Soon the shattered remnants of the columns had to withdraw. Emboldened by these successes the rebels, now with a strong army, launched an attack on the city of Les Cayes itself. Here in this more open warfare the Poles were able to show once again that they could fight. They bravely defended the crumbling ramparts and when the enemy entered the city a counter attack by the Polish infantry gave the gunners the necessary time to adjust their guns, with which the attack was finally repelled. But this victory did nothing to halt the yellow fever claiming so many men. The French were now no longer capable of offensives and tried only to keep the cities. If this was not possible, they had to withdraw with heavy losses to the next base.
The situation worsened dramatically in spring of 1803 when war with Great Britain broke out again. That meant new weapons for the rebels and a blockade of the sea by British ships. The French retreated to the three biggest cities in the south: Jérémie, Les Cayes and Port-au-Prince. By this stage, everyone was simply holding out for the end. It's said that among the Poles and other foreign mercenaries there were many more defectors at this point. The first attack by the rebels started in July on Jérémie, but they no longer made the same mistake as they had with their attack on Les Cayes. They enclosed the city from the land side while the British ships blocked supplies from sea. The garrison of the city consisted mostly of mulattoes from the National Guard, of whom many went over to the enemy, and several hundred Poles and Frenchmen. Although some ships succeeded in slipping through the blockade at night, supply was becoming an increasing problem.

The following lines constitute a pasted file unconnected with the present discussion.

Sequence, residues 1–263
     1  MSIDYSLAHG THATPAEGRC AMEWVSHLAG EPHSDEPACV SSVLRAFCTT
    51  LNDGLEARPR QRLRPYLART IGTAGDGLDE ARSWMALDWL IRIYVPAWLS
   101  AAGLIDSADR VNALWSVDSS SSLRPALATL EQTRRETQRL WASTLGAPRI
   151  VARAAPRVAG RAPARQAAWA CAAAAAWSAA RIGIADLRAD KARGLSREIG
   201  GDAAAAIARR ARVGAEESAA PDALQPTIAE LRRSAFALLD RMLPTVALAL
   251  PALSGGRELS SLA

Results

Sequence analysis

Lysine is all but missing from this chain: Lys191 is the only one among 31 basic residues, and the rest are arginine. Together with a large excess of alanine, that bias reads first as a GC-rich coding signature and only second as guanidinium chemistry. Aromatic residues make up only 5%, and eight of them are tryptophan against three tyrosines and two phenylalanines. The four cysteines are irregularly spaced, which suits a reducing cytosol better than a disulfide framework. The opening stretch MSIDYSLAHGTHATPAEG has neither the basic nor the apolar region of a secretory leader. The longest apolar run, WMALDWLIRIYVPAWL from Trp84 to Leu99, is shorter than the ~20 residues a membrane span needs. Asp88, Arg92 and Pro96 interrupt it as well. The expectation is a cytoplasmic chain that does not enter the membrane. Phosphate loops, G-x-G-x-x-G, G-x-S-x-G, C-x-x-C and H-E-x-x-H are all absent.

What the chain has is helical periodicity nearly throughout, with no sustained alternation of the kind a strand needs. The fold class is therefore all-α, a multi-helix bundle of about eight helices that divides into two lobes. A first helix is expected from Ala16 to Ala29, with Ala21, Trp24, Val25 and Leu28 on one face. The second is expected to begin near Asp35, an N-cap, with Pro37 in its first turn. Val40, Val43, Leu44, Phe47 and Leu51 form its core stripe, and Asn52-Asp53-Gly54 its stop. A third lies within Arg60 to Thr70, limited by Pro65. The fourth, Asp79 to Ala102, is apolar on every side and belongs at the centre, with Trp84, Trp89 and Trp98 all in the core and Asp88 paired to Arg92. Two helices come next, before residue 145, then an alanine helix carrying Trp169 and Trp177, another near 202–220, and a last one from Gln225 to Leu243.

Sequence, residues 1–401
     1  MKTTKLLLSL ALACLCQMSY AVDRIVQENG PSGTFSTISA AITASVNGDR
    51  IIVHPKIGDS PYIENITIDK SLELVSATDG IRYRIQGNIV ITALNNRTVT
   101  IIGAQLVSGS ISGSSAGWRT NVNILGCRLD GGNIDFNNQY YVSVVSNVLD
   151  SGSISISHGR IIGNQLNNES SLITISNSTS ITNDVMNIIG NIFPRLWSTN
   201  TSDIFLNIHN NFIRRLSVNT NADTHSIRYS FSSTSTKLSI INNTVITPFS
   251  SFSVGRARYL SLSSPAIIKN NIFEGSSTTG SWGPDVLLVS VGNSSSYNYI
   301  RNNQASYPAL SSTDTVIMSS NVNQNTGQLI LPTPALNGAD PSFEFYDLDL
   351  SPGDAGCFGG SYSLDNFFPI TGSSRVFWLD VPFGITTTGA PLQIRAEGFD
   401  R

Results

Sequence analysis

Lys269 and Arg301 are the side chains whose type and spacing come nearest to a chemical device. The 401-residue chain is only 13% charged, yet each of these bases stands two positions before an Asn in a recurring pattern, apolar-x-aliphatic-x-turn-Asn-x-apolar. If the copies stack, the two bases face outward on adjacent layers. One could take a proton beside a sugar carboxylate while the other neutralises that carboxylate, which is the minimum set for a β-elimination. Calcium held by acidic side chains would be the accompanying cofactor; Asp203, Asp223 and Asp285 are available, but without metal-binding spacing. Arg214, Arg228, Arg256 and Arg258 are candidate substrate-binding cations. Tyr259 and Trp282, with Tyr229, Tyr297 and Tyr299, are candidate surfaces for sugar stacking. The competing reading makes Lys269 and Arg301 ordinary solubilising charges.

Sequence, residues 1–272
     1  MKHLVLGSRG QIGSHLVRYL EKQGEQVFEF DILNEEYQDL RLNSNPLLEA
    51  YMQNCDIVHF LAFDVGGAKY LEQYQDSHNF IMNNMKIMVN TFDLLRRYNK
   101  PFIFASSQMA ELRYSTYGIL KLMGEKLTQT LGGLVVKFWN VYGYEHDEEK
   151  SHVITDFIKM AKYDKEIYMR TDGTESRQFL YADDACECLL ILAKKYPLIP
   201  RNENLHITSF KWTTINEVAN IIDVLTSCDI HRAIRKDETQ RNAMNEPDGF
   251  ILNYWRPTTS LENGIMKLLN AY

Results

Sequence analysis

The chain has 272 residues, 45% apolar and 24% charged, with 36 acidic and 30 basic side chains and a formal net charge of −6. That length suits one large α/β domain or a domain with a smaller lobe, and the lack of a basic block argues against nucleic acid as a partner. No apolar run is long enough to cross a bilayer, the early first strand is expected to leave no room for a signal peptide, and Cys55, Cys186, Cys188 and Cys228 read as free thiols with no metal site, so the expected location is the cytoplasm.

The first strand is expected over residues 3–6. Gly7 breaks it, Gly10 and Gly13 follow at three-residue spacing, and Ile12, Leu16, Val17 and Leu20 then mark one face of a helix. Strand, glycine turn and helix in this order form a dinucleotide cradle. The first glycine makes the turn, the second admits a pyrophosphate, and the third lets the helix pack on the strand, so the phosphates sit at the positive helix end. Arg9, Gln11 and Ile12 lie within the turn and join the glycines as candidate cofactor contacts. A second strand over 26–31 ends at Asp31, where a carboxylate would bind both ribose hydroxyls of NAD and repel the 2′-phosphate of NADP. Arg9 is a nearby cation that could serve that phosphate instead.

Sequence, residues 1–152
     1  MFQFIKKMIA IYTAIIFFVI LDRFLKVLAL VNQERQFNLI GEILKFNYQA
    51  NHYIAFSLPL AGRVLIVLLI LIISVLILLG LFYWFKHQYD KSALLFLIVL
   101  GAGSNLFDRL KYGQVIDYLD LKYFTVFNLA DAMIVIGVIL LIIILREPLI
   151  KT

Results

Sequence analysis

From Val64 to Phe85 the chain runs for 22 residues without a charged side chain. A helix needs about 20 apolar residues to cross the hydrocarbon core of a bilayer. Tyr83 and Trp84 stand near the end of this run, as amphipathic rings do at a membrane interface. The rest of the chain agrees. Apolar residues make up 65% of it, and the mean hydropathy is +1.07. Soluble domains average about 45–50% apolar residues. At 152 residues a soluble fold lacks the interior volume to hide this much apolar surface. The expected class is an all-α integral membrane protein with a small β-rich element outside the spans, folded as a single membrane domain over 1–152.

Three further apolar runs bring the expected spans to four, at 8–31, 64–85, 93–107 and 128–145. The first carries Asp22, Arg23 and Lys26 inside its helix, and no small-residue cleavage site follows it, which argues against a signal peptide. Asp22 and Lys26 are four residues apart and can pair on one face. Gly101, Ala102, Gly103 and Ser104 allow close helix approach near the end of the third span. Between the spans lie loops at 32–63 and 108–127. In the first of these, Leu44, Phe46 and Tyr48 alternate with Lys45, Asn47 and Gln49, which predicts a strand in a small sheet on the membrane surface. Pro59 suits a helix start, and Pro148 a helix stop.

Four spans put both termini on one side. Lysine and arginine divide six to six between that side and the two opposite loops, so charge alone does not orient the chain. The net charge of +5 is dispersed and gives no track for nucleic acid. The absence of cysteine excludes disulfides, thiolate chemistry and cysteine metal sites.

When the stocks had completely run out, the commander decided to abscond at night to Cuba in the remaining ships with the soldiers. As this withdrawal was to remain at all costs undetected by the enemy, it was decided to sacrifice the 140 Poles who were stationed in the citadel and 40 French who were defending a river crossing in front of the city. Infamously, the Polish officers were also informed of the plan, and these officers used the opportunity to make off secretly with the French, leaving their men to their fates. The British intercepted the greater part of the ships and brought the prisoners to Jamaica, but three ships with 250 men managed to reach Cuba. There the commanding general and the other officers became primarily concerned with writing their memoirs to justify their "heroic" deeds while blaming each other. Meanwhile, when the rebels entered Jérémie on the next day, the Poles in the citadel were allowed to surrender honourably. The rebel general Ferrou related to them in detail the treachery of their superiors, showed them the mutilated bodies of the 40 Frenchmen and said: "So do we punish the faithless invaders, but we make an exception for those who were forced to fight us against their will."
This demonstrated once again that the rebels considered the mercenaries as something similar to white slaves. Already at the siege of Jérémie Polish and German deserters in the army of Rebel General Ferrou were talked about. There were many rumors about Polish deserters fighting for Dessalines, most probably greatly exaggerated, but it was not unusual for prisoners to take that route in order to save their own lives. Without doubt there were some genuine defectors who were sick of receiving only empty promises instead of pay while watching their officers enrich themselves at their expense. Rumours even circulated that Dessalines himself kept a bodyguard of 30 Poles. In any case, foreign deserters were appreciated by the rebels since they could serve well primarily as artillerymen, as instructors, and also repairing weapons. German and Swiss mercenaries are mentioned here as well but the Poles apparently enjoyed special esteem. In the opinion of Dessalines they were "the white niggers of Europe". That this pont of view was not entirely wrong is illustrated by another event. Of the prisoners which the British kept in Jamaica a British captain bought 120 men for $74 per head and sold them later to the British army as soldiers for a sizeable profit.